Electronic Products & Technology

U.S. Government unveils new strategy for advanced packaging

EP&T Magazine   

Electronics Semiconductors Supply Chain chips CHIPS Act NAPMP semiconductors USA

IPC applauds $3B in CHIPS Act funding to support vital electronics technology

The U.S. Government’s announcement of a national strategy for “advanced packaging” under the CHIPS for America Program is a big step toward ensuring the resiliency and security of the U.S. supply chain for advanced electronics.

The recently released “Vision for the National Advanced Packaging Manufacturing Program” (NAPMP) by the U.S. Commerce Department, says approximately $3 billion will be used to drive U.S. leadership in advanced packaging, with an initial funding opportunity to be announced in early 2024.

Chips for America – Source: The National Institute of Standards and Technology (NIST)

IPC International Inc. has been the leading advocate for a “silicon-to-systems” approach to implementation of the CHIPS Act. A silicon-to-systems approach recognizes the importance of silicon fabrication, while underscoring the need for broader electronics manufacturing capabilities—including printed circuit board (pcb) fabrication and electronics assembly—to ensure that the U.S. can manufacture cutting edge technologies.

“Advanced packaging” today is driving semiconductor innovation by introducing greater electronic interconnection within semiconductor packages. Electronic interconnection is a capability that has been marginalized in the U.S. but is now key to U.S. semiconductor leadership.


Next-generation technologies

“Indeed, advanced packaging is poised to play a major role in the development of chips for artificial intelligence, cloud computing, and medical applications, among many other next-generation technologies,” the Commerce Department stated earlier this year.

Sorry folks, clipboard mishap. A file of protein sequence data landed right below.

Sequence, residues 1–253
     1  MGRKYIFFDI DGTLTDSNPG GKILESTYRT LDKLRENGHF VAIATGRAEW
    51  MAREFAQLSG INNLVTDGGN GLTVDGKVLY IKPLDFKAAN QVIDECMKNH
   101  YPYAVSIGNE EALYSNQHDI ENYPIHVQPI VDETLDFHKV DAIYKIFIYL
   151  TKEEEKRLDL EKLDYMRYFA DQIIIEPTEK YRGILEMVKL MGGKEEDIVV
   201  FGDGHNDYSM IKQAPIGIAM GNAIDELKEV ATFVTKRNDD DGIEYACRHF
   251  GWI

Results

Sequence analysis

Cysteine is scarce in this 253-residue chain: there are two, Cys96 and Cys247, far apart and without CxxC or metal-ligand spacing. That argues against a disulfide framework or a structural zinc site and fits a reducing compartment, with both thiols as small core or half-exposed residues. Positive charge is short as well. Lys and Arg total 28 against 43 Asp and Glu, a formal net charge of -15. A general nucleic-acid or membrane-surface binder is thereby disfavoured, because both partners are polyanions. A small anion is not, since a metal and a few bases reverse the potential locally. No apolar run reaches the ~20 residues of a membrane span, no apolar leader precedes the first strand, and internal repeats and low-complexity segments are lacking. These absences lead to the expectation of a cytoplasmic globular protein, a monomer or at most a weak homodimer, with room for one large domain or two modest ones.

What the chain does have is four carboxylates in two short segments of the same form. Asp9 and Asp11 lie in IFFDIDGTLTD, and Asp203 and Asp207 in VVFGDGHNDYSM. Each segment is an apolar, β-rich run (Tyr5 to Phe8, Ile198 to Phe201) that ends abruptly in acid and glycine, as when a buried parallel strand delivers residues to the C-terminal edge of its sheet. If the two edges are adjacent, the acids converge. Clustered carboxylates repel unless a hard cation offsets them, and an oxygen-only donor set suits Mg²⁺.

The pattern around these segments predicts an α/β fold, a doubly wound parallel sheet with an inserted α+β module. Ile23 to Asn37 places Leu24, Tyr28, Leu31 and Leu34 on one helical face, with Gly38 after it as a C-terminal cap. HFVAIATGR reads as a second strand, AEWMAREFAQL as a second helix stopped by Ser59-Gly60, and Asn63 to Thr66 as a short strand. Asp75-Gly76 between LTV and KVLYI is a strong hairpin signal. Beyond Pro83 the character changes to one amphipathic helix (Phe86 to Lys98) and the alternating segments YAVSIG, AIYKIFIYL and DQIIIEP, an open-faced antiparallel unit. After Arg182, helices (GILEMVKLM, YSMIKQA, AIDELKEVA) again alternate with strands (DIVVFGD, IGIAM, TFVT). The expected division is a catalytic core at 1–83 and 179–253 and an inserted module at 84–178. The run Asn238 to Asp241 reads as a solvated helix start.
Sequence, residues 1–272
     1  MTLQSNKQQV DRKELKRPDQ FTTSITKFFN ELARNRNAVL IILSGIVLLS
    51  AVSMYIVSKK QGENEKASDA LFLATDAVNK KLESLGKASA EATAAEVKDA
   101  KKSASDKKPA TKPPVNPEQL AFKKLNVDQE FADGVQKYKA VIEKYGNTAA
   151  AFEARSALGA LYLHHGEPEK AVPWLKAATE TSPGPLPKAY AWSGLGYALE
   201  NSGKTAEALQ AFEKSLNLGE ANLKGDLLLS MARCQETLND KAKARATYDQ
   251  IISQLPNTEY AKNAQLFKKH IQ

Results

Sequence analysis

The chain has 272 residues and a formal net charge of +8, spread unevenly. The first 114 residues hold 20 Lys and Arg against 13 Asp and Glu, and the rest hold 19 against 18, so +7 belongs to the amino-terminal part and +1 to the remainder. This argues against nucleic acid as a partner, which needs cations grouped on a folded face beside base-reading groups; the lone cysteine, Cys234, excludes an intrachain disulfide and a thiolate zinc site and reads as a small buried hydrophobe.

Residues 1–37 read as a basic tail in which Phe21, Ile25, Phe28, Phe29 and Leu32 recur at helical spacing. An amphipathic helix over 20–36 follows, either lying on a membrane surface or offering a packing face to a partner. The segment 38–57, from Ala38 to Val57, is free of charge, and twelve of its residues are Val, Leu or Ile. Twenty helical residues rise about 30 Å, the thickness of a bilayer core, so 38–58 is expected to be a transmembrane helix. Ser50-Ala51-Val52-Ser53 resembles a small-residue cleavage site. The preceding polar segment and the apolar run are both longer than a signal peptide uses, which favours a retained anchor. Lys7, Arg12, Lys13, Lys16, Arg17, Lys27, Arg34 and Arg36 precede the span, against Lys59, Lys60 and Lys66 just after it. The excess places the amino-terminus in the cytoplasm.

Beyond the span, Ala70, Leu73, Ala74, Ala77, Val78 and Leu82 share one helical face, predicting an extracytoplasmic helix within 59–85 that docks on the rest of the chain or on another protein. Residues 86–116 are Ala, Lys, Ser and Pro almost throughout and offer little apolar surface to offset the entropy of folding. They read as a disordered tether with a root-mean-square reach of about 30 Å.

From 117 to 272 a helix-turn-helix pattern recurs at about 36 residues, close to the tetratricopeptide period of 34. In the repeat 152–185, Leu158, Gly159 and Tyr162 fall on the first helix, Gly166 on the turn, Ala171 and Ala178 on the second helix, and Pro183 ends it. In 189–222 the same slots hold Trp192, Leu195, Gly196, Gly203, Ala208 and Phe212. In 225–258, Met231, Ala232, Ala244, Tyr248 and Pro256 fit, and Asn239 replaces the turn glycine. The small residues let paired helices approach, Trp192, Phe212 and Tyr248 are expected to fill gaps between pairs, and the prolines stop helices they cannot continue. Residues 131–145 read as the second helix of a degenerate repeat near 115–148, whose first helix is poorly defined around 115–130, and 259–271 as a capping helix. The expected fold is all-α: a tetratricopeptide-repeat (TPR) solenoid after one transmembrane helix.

However, a 2021 IPC report found the U.S. has only just begun to invest in advanced packaging, while nations in Asia have sprinted ahead to develop the lion’s share of capabilities and capacity. The U.S. only accounts for 3% of global semiconductor packaging and lacks even state-of-the-practice capabilities.

IPC has documented that an ‘ecosystem’ approach covering several related electronics technologies is essential to achieving the goals of the CHIPS Act. For example, IPC believes the U.S. Government also must build up domestic capacity to produce advanced integrated-circuit (IC) substrates and printed circuit boards (PCBs).

“Bolstering chip production without commensurate growth in advanced packaging, pcb fabrication, and electronic assembly is likely to lengthen the supply chain and exacerbate glaring vulnerabilities in U.S. electronics manufacturing,” says Chris Mitchell, IPC VP of Global Government Relations.



Stories continue below

Print this page

Related Stories